The gerenuk, Litocranius walleri, also known as the Waller's gazelle, is a long-necked species of antelope found in dry thorn bush scrub and desert in East Africa, from Somalia, Djibouti and eastern Ethiopia through northern and eastern Kenya to northeastern Tanzania. The word gerenuk (pronounced with a hard g) comes from the Somali language, meaning "giraffe-necked". Gerenuk are sometimes also called the giraffe-necked antelope. It is the sole member of the genus Litocranius.
Gerenuks have a relatively small head for their body, but their eyes and ears are proportionately large. Only the males have horns and they also have a more muscular neck than females. Both sexes have ruddy brown coats with a paler underbelly . They have short, black tipped tails. From head to tail, the gerenuk is around 150 centimetres (59 in) long. Males are a little taller than females, at 89–105 cm (35–41 in) tall, with the females typically 80–100 cm (31–39 in) tall. The male is also heavier than the female, weighing 45 kilograms (99 lb), while females weigh around 30 kg (66 lb).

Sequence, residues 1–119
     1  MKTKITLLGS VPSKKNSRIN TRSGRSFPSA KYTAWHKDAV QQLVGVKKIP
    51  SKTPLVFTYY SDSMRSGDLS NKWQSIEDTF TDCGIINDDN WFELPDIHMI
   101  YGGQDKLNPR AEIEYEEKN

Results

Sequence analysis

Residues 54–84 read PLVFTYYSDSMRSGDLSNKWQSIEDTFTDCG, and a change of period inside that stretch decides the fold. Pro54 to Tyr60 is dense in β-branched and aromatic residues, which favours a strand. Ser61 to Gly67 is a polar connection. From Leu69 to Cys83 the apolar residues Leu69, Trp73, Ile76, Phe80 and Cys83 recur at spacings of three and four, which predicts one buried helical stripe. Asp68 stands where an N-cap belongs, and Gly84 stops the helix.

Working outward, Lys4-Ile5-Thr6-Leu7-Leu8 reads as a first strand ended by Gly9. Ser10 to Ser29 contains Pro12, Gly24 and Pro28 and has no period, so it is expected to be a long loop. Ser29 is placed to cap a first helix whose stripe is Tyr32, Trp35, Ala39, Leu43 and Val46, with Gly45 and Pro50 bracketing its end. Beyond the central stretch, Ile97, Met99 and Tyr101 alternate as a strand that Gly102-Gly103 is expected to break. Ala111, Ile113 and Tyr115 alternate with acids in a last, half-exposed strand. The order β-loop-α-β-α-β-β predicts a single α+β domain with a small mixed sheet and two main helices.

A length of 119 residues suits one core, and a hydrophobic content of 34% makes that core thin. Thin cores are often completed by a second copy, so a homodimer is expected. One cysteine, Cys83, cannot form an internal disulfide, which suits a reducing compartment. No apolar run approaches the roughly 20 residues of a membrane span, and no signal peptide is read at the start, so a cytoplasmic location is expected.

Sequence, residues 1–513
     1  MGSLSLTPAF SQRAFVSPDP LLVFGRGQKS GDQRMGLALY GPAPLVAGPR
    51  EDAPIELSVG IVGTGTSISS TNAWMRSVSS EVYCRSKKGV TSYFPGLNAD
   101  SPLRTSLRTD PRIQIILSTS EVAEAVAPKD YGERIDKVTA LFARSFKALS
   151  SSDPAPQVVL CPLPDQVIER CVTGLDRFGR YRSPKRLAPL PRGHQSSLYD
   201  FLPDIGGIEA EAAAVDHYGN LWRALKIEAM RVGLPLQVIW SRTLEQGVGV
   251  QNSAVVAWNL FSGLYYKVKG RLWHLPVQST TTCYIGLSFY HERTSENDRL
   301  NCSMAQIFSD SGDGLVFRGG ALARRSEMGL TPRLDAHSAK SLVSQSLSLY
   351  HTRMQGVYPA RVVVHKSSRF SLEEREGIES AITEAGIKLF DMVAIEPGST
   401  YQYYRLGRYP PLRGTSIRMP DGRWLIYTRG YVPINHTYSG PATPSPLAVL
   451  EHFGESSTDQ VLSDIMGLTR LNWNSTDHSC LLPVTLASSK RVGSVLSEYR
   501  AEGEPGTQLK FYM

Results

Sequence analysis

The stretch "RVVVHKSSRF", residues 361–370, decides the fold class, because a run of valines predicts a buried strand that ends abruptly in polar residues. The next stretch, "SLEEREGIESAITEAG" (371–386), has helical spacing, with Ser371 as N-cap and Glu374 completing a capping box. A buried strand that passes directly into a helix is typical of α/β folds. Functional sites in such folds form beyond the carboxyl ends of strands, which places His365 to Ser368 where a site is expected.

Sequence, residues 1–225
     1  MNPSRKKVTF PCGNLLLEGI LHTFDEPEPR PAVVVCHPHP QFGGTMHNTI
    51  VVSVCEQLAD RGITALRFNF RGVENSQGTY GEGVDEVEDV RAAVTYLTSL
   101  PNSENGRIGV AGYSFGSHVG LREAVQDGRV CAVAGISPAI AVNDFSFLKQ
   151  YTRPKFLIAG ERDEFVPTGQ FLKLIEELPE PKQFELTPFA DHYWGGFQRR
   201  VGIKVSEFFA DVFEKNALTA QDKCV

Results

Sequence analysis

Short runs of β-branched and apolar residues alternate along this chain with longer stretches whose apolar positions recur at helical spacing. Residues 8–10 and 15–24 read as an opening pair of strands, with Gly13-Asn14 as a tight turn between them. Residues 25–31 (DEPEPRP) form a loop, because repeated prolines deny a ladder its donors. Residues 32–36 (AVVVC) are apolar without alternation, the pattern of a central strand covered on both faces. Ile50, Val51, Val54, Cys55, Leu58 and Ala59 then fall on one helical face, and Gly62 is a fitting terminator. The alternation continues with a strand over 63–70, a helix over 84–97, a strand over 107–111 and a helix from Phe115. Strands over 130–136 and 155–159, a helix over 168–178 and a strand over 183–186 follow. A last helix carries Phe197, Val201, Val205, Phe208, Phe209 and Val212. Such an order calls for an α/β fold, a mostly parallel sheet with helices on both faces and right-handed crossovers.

Gerenuks seldom graze but browse on prickly bushes and trees, such as acacias. They can reach higher branches and twigs than other gazelles and antelope by standing erect on their rear legs and stretching their elongated necks. They appear to favour the more tender leaves and shoots, but will also eat buds, flowers, fruit, and herbaceous plants. Gerenuks do not appear to drink water; they get enough water from the plants they eat. Because of this, they can survive in very dry habitats. Gerenuks are often prey for lions, cheetahs, jackals and leopards.